How to Grow Your Own Sprouts Indoors

Posted on Feb 8 2012 - 1:27am by Mike Lieberman

Today I am going to show you the easiest way that you can start to grow your own food.

And you won’t need any outdoor space…

You just need a spot on your kitchen counter.

I am going to share with you how to grow your own sprouts indoors.

No need to buy fancy gadgets or machines. You can do this on the cheap.

You ready?

Let’s do it!

What you’ll need to grow your sprouts

  • Mason jar
  • Cheescloth or another breathable cloth
  • Canning lid or rubber band
  • Bowl or dish

Steps to grow your own sprouts

  • The first thing to do is to soak the seeds for 8 hours in the mason jar. I prefer to do this right before I go to bed to let them soak overnight.
  • The next morning, put the cheesecloth over the mouth of the jar and secure it with the canning lid. Drain out the water. Refill with water to rinse the seeds and drain again. Place the jar out of direct sunlight at an angle in a bowl. This will allow the rest of the water to drain.
  • Repeat the previous step every 8-12 hours (about 2 times per day).
  • Generally it’ll take 5-7 days for them to be ready to eat. The seeds are ready to eat as soon as they start to sprout. Just rinse and drain them one last time before you store them in the fridge.

Sound off

What is your favorite sprout?

  • http://renegadehomestead.blogspot.com/ Karen

    Thanks!  I was wondering how to do that.  I hate buying them at the store.  They cost like $5 and they usually go bad before I can eat them all.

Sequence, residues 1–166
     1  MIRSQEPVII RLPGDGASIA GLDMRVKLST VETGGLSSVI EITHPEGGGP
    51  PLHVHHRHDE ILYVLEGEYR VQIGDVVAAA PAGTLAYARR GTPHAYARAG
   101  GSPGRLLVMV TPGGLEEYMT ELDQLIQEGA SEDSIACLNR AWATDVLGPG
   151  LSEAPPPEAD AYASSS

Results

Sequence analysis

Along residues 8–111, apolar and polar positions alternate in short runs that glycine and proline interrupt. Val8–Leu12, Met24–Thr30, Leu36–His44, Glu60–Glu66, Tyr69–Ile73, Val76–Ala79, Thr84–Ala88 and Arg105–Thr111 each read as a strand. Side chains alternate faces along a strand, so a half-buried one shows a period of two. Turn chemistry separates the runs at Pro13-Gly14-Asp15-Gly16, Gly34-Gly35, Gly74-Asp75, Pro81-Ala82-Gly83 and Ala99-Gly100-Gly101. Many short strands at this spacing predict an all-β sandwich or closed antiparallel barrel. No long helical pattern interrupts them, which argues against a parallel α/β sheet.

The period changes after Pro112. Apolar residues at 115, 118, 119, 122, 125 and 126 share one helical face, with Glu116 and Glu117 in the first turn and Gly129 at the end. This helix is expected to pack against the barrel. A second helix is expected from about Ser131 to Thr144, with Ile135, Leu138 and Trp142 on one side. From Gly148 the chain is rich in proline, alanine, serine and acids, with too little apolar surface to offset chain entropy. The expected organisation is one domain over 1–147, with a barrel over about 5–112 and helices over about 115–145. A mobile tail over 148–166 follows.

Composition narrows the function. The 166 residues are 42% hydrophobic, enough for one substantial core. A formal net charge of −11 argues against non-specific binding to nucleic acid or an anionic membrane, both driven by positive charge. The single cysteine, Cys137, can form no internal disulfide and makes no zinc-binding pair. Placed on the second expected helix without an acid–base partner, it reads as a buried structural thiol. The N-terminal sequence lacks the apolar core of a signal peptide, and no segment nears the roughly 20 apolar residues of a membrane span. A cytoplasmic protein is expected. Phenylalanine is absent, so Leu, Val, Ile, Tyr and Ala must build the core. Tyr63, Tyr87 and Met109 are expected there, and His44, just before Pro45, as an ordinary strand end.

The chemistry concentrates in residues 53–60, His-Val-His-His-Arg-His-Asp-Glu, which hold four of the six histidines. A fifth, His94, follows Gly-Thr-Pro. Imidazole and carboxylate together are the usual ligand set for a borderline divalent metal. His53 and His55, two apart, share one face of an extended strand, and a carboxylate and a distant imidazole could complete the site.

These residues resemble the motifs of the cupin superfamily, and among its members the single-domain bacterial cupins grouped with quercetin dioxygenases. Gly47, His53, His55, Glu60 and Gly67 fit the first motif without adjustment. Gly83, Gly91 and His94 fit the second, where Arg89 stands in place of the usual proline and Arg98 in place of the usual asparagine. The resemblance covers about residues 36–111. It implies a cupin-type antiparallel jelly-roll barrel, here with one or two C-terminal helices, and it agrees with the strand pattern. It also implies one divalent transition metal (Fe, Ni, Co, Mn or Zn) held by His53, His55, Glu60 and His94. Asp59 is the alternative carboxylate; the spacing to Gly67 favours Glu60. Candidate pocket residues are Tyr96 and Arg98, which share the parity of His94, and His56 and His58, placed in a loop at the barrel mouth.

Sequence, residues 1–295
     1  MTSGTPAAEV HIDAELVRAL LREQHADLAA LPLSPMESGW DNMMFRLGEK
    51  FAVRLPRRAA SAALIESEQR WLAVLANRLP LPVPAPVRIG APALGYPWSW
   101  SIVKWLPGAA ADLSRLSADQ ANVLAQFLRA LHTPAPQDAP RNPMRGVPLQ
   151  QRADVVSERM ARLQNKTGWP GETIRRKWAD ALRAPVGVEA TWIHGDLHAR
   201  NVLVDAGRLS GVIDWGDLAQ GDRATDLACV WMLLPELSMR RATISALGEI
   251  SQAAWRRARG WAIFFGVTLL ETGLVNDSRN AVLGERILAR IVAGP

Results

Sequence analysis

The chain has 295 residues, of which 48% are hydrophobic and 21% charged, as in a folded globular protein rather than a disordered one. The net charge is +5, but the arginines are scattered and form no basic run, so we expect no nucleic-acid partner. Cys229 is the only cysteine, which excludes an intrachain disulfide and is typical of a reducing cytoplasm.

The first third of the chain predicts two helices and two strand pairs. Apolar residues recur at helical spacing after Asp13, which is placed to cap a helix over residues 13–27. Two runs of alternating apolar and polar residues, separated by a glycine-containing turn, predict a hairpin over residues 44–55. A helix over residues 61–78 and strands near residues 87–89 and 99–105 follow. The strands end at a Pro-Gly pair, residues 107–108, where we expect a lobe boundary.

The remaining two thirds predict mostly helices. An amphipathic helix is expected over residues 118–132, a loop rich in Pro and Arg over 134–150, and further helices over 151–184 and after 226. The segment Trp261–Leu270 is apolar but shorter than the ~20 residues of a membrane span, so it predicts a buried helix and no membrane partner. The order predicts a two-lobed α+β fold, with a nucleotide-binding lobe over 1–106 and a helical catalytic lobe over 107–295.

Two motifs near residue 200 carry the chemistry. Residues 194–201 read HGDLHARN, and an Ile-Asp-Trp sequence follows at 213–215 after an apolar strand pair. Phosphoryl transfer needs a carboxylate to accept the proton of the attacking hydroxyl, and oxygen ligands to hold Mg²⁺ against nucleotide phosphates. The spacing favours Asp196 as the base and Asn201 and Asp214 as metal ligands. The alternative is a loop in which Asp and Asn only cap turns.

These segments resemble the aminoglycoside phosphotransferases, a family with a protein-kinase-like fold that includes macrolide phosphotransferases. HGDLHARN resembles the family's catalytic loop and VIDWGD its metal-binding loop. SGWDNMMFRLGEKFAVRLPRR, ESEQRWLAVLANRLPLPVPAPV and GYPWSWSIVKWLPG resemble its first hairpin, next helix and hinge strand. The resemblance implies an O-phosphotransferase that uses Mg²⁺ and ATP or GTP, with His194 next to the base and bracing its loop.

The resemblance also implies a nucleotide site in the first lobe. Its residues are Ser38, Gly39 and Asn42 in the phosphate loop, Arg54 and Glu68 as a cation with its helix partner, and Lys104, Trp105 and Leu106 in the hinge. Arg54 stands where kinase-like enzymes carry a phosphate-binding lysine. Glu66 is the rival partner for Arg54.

• http://www.UrbanOrganicGardener.com Mike Lieberman

    Exactly. Much cheaper and easier to do at home.

  • Spiderling

    Can you use the same method for bean sprouts?

  • http://twitter.com/YourMomsaVegan Jes

    I really like sprouted lentils (brown/green). I got so excited when I realized they were the same ones I buy at the store. I would say, though, just don’t store them in a lidded jar in the fridge for a month. That was the worst rotten food I’ve ever had to get rid of from my fridge. Almost knocked me out after I took the lid off the jar, ha!

  • http://twitter.com/twayblade Ronda T. Pauley

    I would like to make a link to this from my blog. Do you mind?

  • http://www.UrbanOrganicGardener.com Mike Lieberman

    Yes, but don’t sprout kidney beans.

  • http://www.UrbanOrganicGardener.com Mike Lieberman

    I just threw up in my mouth a bit.

  • Barbara

    Mike, you CAN sprout kidney beans and soy beans, too, but they  need to be thoroughly cooked before you eat them to kill the toxin cooties (scientific term).  A most excellent vid, btw.  You make sprouting seem easy and accessible to all–which it is, of course!  Have you sprouted clover?  It’s almost indistinguishable from alfalfa, often cheaper and has many of the same vites.  Happy sprouting!

  • http://www.smilinggardener.com/ Phil (Smiling Gardener)

    I used to use mason jars and it’s a perfectly good way to do it, but we eat so many sprouts that I found it was worth my time to buy a dedicated sprouting container. My favorite is the easysprout (no affiliation). I actually have 3 of them with different sprouts going all the time. It saves time rinsing and gets better airflow.

  • http://www.UrbanOrganicGardener.com Mike Lieberman

    Absolutely. If you have the space and eat a lot of them, the machine makes sense.

  • http://www.UrbanOrganicGardener.com Mike Lieberman

    Thanks for the correction. I meant can’t sprout and eat them in the raw form. Don’t want cooties now.

  • Anonymous

    In the UK these “sprouts” are often referred to as” micro-greens”. Doesn’t that sound posh? They are the latest craze in all the top restaurants and you’ll probably pay a fortune for them. But they are SO CHEAP to grow at home. I love pea-shoots best… J xx

  • http://www.UrbanOrganicGardener.com Mike Lieberman

    Very posh ;-)

  • Franque Michele